Tuesday, February 12, 2013
Keeping each road passable is the chief goal in the midst of a storm, but now crews are busy trying to clean up intersections, sight lines and sidewalks.
The Blizzard of 2013 ended three days ago, but the crews of the Wayland Department of Public Works remain hard at work. Joe Doucette, senior foreman for the DPW, said he was incredibly proud of the workers, many of which are relatively new employees. "It was quite an undertaking," Doucette said. "I'm very proud of the staff. Our equipment took a beating. It was a challenge. I think we did very well considering what we have. We have a lot of new employees, rookie people we've hired in the past year. For a lot of them this was the first major snow storm. They did great job." Doucette said that during the height of the storm and in its immediate aftermath, the goal is simply to keep the roads passable. "Keep the roads passable and open -- …
Sunday, February 10, 2013
On a beautiful Sunday afternoon, there's no excuse to not clear your nearest fire hydrant.
Wayland Fire Capt. Bob Dorey is asking folks to do a minor chore when they're out enjoying the snow in Wayland: Clear the nearest fire hydrant. "I'm trying to encourage people on a slow day, especially on the main roads, to clean off their nearest hydrants," said Dorey. He said he'd seen a number of reflective lights around town marking the hydrants, but the hydrants themselves remained buried in snow drifts. "Enjoy this beautiful day and get a little exercise and shovel out your fire hydrants," Dorey said, explaining that the extra time the fire department would have to take to clear the hydrant could mean critical minutes lost in an emergency. "The worst things is you burn a couple of calories," Dorey said. "And we hope we don't have to …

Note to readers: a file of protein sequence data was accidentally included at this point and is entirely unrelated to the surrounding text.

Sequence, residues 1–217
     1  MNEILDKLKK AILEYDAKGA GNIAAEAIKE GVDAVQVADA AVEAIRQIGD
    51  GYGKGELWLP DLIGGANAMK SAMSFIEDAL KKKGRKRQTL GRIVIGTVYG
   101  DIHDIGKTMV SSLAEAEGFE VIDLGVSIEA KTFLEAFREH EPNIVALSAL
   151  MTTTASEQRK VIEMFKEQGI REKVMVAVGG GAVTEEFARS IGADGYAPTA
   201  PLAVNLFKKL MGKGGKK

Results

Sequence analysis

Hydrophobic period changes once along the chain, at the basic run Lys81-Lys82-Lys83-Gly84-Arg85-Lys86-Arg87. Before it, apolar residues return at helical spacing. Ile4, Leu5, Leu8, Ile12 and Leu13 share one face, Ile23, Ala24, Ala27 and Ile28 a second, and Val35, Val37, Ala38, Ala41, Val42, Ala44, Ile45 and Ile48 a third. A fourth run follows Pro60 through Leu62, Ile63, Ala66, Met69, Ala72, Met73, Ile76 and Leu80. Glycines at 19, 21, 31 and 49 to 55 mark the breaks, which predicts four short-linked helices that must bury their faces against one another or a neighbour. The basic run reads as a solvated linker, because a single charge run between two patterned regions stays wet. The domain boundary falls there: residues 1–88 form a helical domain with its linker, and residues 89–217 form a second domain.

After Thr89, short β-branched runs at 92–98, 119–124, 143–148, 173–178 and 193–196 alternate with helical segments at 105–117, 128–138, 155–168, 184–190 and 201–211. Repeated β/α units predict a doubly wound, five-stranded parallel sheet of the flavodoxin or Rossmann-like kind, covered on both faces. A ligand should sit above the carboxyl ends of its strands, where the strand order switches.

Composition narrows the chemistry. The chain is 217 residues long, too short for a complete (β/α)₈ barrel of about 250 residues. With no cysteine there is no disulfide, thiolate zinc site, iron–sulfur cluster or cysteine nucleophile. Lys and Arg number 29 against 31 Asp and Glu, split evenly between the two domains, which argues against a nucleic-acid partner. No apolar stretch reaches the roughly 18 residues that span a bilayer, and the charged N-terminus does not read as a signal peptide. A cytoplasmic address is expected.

With rain and ice in Monday's forecast, it's important to get some of that heavy snow off the roofs.
Now that you've begun to dig your cars and driveways out, it's time to also consider your roof. Monday's forecast is calling for some rain and ice and snow, which could add substantial weight to already snow-laden roofs. Earlier this morning, Patch received the following reader question: "Can you provide any names of roofers who would help clear roof off of houses? Does anyone have a list?" So we posed the question on our Facebook page and here are the results to far. - Joey Levin reports "BJs has plenty of 21-foot snow rakes." - Margret Krakauer added, "I know that Lynch Landscaping clears roofs. They were efficient and competitive in price. They did work fast, though and the heavy snow damaged a lace-leaf maple. If you use them or anyone…
A quick stop by the Wayland Highway Department Garage on Saturday afternoon found tired, but resilient crew members.
Wayland's Department of Public Works crews hit the roads at about 3:30 p.m. Friday. At 4 p.m., Saturday, Wayland Parks Superintendent Mike Lindeman had made it back to the parking lot of the Wayland Highway Department garage and had a moment to reflect on the past 24 hours. "Worst one I've ever seen," Lindeman said as he helped other crew members dig their own cars out. The nearby crew members agreed. "You couldn't see your hand in front of your face," Lindeman said. Even so, Lindeman said, the whole experience had gone as well as could be expected. He said there were a few cars abandoned in the roads when people left work "later than the should have," and couldn't make it into their driveways. "Overall, it went ok." Wayland's roads …
Light, fluffy snow on rooftops can act as a sponge for rain, which is in the forecast for Monday. The Massachusetts Emergency Management Agency offers these tips.